by Brianna Crandall — October 19, 2018 — A new white paper published by the NAIOP Research Foundation offers insight into the usages and challenges of big data in commercial real estate (CRE), particularly in office property management, where the data’s usefulness can be used to both improve a building’s operational efficiencies and attract and retain tenants. NAIOP, the Commercial Real Estate Development Association, is a nationwide organization for developers, owners and related professionals in office, industrial, retail and mixed-use real estate, comprising 19,000 members in North America. The group also made available presentations and coverage of its recent FlexOffice Conference.
Office property and big data report
The study, The Office Property and Big Data Puzzle: Putting the Pieces Together, is authored by Kimberly Winson-Geideman, Ph.D., University of Melbourne, Australia. It identifies some of the obstacles and opportunities associated with big data in the context of managing office properties — including privacy issues and data management — and includes examples of how property and facilities managers (FMs) are collecting and analyzing data within their office properties.
In the white paper, big data is defined as high-volume, high-variety and high-velocity information that is produced in either structured/predictable formats, such as sensor data, or unstructured formats, including pictures and text.
According to Marc Selvitelli, CAE, executive director of the NAIOP Research Foundation:
Big data provides the greatest potential — and disruption — to the office property sector. This white paper is practical for real estate professionals who are beginning to consider how they can identify big data and assess the relative value of the information they collect.
Key takeaways for big data in CRE
The study identifies these critical takeaways as deserving the attention of the real estate industry in general and the office sector in particular:
- Big data sets are more than just big. They are dynamic and multidimensional and can be challenging to work with, but they promise to give greater insight into some of the fundamental questions of real estate more than anything has before.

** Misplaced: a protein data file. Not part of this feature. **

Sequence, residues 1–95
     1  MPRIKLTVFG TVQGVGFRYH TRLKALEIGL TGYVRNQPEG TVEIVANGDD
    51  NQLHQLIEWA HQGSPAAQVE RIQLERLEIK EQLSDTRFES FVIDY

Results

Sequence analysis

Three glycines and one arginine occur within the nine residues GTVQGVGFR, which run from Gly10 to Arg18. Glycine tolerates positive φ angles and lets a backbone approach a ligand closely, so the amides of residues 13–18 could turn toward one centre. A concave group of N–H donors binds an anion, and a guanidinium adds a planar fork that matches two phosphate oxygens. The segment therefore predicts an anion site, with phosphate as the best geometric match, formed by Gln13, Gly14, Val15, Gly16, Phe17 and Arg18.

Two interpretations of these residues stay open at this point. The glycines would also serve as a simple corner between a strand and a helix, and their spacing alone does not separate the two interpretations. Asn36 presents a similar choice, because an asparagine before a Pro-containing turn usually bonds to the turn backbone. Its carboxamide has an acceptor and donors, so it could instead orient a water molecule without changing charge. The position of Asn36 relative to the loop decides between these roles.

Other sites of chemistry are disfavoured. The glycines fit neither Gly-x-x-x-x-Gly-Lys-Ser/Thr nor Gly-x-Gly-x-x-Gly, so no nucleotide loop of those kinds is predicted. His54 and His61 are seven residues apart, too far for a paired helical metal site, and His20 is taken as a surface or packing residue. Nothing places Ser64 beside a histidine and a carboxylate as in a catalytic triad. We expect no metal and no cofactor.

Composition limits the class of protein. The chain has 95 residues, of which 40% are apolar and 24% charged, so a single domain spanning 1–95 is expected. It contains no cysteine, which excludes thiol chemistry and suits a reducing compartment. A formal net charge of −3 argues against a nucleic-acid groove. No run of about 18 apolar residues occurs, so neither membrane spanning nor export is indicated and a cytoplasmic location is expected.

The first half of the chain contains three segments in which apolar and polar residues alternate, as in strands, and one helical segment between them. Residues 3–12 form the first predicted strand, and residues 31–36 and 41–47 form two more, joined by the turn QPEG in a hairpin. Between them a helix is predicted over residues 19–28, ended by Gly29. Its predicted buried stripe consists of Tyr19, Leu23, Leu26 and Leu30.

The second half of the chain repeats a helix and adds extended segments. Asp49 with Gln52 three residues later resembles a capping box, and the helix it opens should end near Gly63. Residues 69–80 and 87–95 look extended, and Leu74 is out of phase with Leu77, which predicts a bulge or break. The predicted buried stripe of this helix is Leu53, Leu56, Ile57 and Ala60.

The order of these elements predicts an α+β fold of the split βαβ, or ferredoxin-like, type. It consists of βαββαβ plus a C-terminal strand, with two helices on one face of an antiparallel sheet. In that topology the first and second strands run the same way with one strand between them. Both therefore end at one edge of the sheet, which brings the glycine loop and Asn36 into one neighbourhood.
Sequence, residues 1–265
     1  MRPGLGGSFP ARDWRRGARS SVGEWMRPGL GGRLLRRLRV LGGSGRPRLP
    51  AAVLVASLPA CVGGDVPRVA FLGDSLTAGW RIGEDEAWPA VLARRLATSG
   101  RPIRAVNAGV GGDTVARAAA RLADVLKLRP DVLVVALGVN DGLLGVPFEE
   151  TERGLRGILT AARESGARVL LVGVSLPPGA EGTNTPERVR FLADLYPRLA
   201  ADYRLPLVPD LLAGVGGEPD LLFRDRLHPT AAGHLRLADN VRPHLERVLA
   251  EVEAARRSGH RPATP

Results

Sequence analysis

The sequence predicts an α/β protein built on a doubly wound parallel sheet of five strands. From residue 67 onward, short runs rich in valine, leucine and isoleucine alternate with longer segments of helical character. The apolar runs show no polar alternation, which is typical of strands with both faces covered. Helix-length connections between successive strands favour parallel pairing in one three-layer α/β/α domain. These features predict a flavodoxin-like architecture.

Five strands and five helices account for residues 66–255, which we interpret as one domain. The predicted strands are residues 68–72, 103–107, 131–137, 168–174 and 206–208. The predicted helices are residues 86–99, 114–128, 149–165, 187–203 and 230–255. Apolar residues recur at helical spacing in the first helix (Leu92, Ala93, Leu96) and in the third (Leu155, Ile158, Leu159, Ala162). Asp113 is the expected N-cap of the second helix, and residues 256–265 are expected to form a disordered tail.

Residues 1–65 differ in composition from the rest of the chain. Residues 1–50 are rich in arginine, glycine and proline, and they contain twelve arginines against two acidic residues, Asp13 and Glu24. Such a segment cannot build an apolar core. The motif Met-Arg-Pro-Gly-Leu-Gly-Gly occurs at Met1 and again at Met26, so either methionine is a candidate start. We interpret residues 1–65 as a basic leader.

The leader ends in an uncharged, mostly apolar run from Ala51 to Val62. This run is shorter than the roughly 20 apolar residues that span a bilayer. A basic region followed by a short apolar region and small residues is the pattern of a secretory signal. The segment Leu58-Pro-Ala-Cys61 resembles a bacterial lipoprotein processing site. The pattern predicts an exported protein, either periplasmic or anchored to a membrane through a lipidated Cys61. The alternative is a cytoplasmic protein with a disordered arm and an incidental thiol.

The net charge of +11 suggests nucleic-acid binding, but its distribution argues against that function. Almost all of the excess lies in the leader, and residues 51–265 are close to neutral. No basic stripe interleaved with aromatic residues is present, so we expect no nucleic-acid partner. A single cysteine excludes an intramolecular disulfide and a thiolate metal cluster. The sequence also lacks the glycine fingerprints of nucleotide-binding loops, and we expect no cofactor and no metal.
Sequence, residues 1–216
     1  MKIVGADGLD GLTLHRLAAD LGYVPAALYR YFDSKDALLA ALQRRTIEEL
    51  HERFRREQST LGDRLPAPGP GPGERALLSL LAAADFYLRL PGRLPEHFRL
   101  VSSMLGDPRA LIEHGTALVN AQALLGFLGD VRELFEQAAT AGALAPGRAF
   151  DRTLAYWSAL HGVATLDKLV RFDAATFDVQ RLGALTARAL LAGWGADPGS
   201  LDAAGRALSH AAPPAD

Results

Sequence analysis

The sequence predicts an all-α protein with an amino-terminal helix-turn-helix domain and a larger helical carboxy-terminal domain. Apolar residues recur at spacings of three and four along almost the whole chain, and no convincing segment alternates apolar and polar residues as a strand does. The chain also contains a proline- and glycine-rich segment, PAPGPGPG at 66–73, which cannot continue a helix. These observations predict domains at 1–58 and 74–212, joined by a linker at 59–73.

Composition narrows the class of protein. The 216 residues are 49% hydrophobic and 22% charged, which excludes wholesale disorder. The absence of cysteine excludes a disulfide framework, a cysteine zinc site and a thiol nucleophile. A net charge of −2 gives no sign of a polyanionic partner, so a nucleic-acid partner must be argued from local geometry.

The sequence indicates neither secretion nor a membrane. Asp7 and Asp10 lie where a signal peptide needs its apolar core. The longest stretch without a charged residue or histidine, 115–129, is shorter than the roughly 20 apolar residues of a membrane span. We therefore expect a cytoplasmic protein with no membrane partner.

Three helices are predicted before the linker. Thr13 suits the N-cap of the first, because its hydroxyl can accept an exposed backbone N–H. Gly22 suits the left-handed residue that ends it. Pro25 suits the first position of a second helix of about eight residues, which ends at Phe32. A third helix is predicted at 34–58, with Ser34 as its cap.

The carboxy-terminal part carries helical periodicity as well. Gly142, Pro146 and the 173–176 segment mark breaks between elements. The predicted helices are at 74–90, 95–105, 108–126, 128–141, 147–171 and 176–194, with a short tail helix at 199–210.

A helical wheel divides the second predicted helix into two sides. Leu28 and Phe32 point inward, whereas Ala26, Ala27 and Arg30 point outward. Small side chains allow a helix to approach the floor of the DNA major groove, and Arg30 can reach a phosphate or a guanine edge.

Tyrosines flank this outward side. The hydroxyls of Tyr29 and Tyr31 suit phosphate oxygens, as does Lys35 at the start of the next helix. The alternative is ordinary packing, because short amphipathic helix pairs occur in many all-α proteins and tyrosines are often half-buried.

- The concept of big data is not solely about the data; it is also about the tools created to deal with the data. The collection, storage, analysis and visualization all present unique challenges that require innovative and ongoing solutions.
- Small data is still important. Real estate markets are local: to make big data meaningful, sometimes the data need to be selected and sorted to such an extent that they are anything but big.
- Office property managers are comfortable using nonpersonal big data to monitor and improve the performance of building systems but, in part because of privacy concerns, have not yet embraced tracking tenant movements to improve the tenant experience.
- Landlords and tenants must approach data collection with a clear understanding of privacy laws and a great deal of transparency. Personal information should not be collected, or, at the very least, records should be anonymized. Data should be released only in the aggregate, if possible, and systems should be put in place to ensure the security of the data.
- Big data is spurring new technologies and disciplines that affect the real estate industry. For example, blockchain technology will have an increasingly larger role in data management and property transactions. The need for job positions such as data scientists, data stewards and data visualizers will continue to grow as companies take stock of their data sets.
Download the full 32-page report, The Office Property and Big Data Puzzle: Putting the Pieces Together, from the NAIOP website.
FlexOffice presentations and coverage
NAIOP and the Global Workspace Association (GWA) presented the FlexOffice 2018 conference September 12-14 in Austin, Texas. The event explored cutting-edge office trends and technologies of interest to professionals who own, operate and develop office space.
Event presentations and resources are now available on the NAIOP website, covering such topics as: building portfolios as integrated ecosystems, flexible space, WELL buildings, coworking spaces, “Office as a Service,” and more.